It's warmer this weekend but still winter. Let's remember sweeter days. My mind goes back to some hours spent in Germany. The Rhineland-Pflaz, on beautiful sun drenched afternoon, full of light, great wurst, salads, and of course great hardy loaves of rye bread.
Rye is, and always will be, a staple in my diet, a challenging kind of bread if you haven't considered what makes it tick. Lack of gluten, and a challenge to create the rich tasting moist bread when it can sometimes turn into a brick, whether for new bakers or old ones like me.
Below are some notes on a loaf I had made in school with a teacher, who had plucked it out of a book and handed out the basics to us for a lesson. Notes from classes for me are always a struggle. You are trying to absorb the verbal passing of a message, then jotting down the numbers. Generally, what comes out is dizzying mess. All to say, in attempting this, get out your calculators, spreadsheets and a lot of bakers common sense!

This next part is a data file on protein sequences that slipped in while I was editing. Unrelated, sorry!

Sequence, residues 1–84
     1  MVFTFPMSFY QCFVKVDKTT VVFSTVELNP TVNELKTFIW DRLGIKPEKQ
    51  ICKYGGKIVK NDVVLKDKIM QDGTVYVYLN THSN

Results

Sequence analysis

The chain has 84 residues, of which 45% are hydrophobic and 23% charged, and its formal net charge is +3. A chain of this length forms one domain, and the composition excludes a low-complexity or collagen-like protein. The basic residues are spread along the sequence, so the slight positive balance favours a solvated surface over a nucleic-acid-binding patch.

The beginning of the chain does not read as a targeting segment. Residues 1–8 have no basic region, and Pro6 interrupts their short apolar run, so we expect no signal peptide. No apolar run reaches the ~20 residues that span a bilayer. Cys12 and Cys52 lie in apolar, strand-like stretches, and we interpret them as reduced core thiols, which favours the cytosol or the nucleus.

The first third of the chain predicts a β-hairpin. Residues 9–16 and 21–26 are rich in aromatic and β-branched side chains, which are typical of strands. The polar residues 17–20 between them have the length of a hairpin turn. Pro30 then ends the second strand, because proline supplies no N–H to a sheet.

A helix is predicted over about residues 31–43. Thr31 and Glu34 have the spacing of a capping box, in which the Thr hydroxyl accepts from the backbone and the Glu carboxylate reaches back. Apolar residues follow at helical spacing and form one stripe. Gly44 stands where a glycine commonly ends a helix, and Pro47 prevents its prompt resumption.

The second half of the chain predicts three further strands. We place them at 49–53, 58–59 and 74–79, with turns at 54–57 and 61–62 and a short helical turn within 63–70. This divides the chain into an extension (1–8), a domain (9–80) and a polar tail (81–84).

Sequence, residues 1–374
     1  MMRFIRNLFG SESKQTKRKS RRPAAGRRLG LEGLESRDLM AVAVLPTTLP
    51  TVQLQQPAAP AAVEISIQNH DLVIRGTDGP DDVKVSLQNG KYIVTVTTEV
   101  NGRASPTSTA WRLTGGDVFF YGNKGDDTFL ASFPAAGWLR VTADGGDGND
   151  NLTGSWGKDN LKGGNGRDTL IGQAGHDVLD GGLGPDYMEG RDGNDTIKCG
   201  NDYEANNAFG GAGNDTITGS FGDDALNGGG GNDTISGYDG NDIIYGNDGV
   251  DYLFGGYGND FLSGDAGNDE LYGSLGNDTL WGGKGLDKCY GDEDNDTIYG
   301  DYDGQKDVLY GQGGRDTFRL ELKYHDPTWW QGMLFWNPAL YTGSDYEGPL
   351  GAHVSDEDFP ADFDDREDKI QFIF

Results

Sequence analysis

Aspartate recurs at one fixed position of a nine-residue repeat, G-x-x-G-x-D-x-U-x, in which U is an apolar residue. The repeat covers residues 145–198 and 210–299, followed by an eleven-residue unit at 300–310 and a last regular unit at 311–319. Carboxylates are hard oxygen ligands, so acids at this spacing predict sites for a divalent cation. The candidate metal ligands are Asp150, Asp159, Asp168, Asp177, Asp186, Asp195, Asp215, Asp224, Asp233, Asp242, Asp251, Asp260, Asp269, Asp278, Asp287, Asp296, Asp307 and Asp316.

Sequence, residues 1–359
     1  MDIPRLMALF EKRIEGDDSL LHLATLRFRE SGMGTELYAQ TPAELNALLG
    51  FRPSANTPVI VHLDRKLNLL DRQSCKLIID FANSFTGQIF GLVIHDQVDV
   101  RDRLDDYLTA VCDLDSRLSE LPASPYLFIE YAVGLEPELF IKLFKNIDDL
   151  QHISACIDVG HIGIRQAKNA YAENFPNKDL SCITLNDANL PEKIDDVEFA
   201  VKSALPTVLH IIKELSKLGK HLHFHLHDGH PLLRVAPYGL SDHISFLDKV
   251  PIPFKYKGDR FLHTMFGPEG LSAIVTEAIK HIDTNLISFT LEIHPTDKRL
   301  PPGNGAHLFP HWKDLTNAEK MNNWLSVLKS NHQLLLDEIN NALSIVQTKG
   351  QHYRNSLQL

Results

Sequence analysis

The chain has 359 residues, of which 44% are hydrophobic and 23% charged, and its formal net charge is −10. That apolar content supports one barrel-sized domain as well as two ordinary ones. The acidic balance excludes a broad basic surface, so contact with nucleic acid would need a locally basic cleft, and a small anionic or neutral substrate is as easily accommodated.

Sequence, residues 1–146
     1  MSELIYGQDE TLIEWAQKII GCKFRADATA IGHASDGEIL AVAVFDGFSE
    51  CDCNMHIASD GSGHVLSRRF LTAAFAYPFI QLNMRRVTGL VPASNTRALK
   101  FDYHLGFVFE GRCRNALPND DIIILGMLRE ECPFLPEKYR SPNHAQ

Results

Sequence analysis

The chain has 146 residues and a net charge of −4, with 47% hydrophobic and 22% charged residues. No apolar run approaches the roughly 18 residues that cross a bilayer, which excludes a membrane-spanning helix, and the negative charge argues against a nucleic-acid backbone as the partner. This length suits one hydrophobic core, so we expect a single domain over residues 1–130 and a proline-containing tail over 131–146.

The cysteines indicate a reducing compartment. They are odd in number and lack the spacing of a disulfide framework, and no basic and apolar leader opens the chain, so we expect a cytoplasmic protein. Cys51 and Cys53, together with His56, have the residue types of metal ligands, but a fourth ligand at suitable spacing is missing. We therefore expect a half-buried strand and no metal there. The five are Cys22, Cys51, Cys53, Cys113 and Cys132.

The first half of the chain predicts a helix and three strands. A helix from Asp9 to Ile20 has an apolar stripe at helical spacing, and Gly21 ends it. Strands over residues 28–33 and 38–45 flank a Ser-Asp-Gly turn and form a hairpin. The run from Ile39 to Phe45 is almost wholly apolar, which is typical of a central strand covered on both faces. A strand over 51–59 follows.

Landbrot nach Heidart (No idea what this Heidart is?) I think the translation is wrong, and must actually be Hirtenbrot, Shepards bread, or even Heidibrot another rye bread.
My sole adaption was the exclusion of yeast.
Two 2lb loaves or one huge 4 lb, batard or round mischbrot.
Total formula(minus 2 percent yeast)
270g Rye, (whole rye)
27g starter (I used white liquid levain)
Fed overnight, about 12 hours till risen.
330g Rye flour
400g Bread flour (I used All purpose from Central Milling, organic)
I just mixed by hand till dough came together, allowed to rise about two hours at bulk.
Divided in half, shaped and rose on a board in round mischbrot form seam side up, one loaf. About an hour and a half final rise, but could of been two, not watching the clock, feeling the dough! The breads were baked seam up not slashed, and one down for the slashed effect.
Baked in a creuset pan at 475 with lid for 20 minutes, off for 15.
Very light shallow slash on the seamside down loaf, and the other seamside baked without a slash!